The vaunted European model did not have the best predictions for Hurricane Florence, as many meteorologists suggested. The American Global Forecast System (GFS) model was actually the most accurate, according to a National Weather Service analysis of model performance.

The analysis, obtained by the Capital Weather Gang, shows both the operational version of the GFS and the new experimental version of the model, known as the FV3, produced smaller errors than the European model in forecasts for the storm’s location at most time frames.

In fact, of the three models, the operational GFS was most accurate, the GFS FV3 (which stands for Finite Volume Cubed-Sphere dynamical core) ranked second, and the European model came in dead last. Especially two and three days before Florence struck, the European model’s forecasts for the storm’s location tended to be too far south.

The GFS (both the operational and FV3) also produced superior forecasts to the European model for the storm’s intensity at all time steps.

These results help make the point that, while the European model is in general the top-performing model, results may differ storm to storm. The European model, run at the European Center for Medium-range Weather Forecasting in Reading, United Kingdom, outperformed the operational GFS in forecasting Hurricane Lane - which dumped record amounts of rain on Hawaii in August.

While the GFS’s performance topped the European model during Florence, it’s important to note the National Weather Service analysis only extended out five days before the storm made landfall.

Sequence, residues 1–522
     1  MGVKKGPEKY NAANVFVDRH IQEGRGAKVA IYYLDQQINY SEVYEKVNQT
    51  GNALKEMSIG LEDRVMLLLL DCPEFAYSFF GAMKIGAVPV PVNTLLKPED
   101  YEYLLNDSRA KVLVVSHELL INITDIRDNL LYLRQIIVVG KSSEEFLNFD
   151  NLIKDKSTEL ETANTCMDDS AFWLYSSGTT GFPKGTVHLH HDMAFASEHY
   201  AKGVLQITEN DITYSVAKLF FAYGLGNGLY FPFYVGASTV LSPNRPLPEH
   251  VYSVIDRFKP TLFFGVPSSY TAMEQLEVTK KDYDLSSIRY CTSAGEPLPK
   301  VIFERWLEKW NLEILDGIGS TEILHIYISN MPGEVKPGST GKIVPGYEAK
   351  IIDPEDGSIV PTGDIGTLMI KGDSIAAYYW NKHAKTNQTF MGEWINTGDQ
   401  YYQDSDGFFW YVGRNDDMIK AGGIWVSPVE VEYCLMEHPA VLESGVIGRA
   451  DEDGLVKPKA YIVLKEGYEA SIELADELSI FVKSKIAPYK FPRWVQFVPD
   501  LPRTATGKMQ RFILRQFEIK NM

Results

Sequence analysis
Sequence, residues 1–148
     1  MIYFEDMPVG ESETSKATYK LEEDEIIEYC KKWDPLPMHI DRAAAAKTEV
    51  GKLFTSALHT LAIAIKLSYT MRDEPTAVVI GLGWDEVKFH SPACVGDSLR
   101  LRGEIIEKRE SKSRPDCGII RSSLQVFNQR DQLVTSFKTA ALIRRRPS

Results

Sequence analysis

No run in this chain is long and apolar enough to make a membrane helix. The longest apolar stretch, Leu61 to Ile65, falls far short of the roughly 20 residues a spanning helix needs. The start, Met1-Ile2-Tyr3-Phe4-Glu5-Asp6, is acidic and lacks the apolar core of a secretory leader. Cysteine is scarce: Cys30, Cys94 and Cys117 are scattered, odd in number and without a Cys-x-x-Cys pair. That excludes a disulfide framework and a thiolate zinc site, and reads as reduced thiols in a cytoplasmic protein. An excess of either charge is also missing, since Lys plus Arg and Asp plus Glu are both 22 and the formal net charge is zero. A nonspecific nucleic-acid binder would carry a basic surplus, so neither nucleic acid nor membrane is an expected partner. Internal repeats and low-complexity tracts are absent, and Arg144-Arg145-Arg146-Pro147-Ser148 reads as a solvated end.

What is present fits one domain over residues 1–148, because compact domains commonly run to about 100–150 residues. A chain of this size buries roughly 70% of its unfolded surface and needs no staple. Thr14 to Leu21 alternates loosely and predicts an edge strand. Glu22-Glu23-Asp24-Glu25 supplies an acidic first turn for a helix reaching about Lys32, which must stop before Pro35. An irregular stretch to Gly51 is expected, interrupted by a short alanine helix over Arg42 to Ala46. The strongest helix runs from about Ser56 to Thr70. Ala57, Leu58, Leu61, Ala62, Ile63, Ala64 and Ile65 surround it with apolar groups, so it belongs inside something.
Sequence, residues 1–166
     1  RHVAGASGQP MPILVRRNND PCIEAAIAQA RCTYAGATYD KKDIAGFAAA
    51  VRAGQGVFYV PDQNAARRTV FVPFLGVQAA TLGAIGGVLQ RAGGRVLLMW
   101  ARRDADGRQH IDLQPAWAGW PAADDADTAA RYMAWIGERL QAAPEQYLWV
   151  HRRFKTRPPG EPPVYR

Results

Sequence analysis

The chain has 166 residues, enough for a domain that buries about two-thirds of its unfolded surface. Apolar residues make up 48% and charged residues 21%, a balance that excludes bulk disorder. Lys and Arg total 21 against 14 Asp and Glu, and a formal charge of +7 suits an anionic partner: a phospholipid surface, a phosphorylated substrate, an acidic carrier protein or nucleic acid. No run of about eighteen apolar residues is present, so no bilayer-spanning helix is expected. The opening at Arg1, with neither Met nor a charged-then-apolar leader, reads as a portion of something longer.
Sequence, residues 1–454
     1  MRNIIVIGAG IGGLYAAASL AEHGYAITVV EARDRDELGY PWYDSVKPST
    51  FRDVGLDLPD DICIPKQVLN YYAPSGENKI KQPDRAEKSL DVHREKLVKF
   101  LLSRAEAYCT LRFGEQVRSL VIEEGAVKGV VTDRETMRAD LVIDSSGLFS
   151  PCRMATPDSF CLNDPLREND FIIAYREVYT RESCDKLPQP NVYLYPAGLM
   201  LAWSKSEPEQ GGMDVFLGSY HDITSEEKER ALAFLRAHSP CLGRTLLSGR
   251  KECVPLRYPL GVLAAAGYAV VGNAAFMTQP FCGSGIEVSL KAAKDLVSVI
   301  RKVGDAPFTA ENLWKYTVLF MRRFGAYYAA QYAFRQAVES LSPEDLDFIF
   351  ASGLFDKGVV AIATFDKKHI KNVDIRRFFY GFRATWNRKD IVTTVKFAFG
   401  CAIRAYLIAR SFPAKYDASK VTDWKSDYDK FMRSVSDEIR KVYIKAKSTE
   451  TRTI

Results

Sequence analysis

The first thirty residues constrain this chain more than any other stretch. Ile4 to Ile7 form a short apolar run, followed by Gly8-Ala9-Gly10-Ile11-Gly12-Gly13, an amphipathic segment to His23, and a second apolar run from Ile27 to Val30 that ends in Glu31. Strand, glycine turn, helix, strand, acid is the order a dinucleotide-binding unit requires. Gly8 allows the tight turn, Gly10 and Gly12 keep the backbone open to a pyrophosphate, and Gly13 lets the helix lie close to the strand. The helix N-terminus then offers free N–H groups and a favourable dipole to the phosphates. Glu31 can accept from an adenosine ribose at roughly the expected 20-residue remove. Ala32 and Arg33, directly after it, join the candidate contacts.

The analysis did not include statistics for model performance out to nine days before the storm struck which is, arguably, when the European model was at its finest. The European model was the first model to suggest Florence would make landfall in the Carolinas, while the American model incorrectly predicted it would stay out to sea.

While these various models oscillated back and forth in their projections for the storm, it’s worth pointing out that the National Hurricane Center’s forecasts were both steady and extremely accurate. Its landfall forecast for Florence, made five days out, was within an astonishing two miles of being correct.

Andrew Freedman, science writer at Axios, described the forecast as “insanely” accurate, writing: “The forecast provided residents of the Carolinas with 5 days of lead time to prepare for the storm, and alerted governors and emergency managers to start moving assets into position to respond to the storm."

The Hurricane Center, based in Miami, nailed the track forecast, and the National Weather Service’s Weather Prediction Center, based in College Park, Md., produced remarkably accurate forecasts for the storm’s tremendous rainfall.

This is clearly a case where human forecasters were able to improve on model forecasts by examining the whole universe of models and bringing in their own expertise.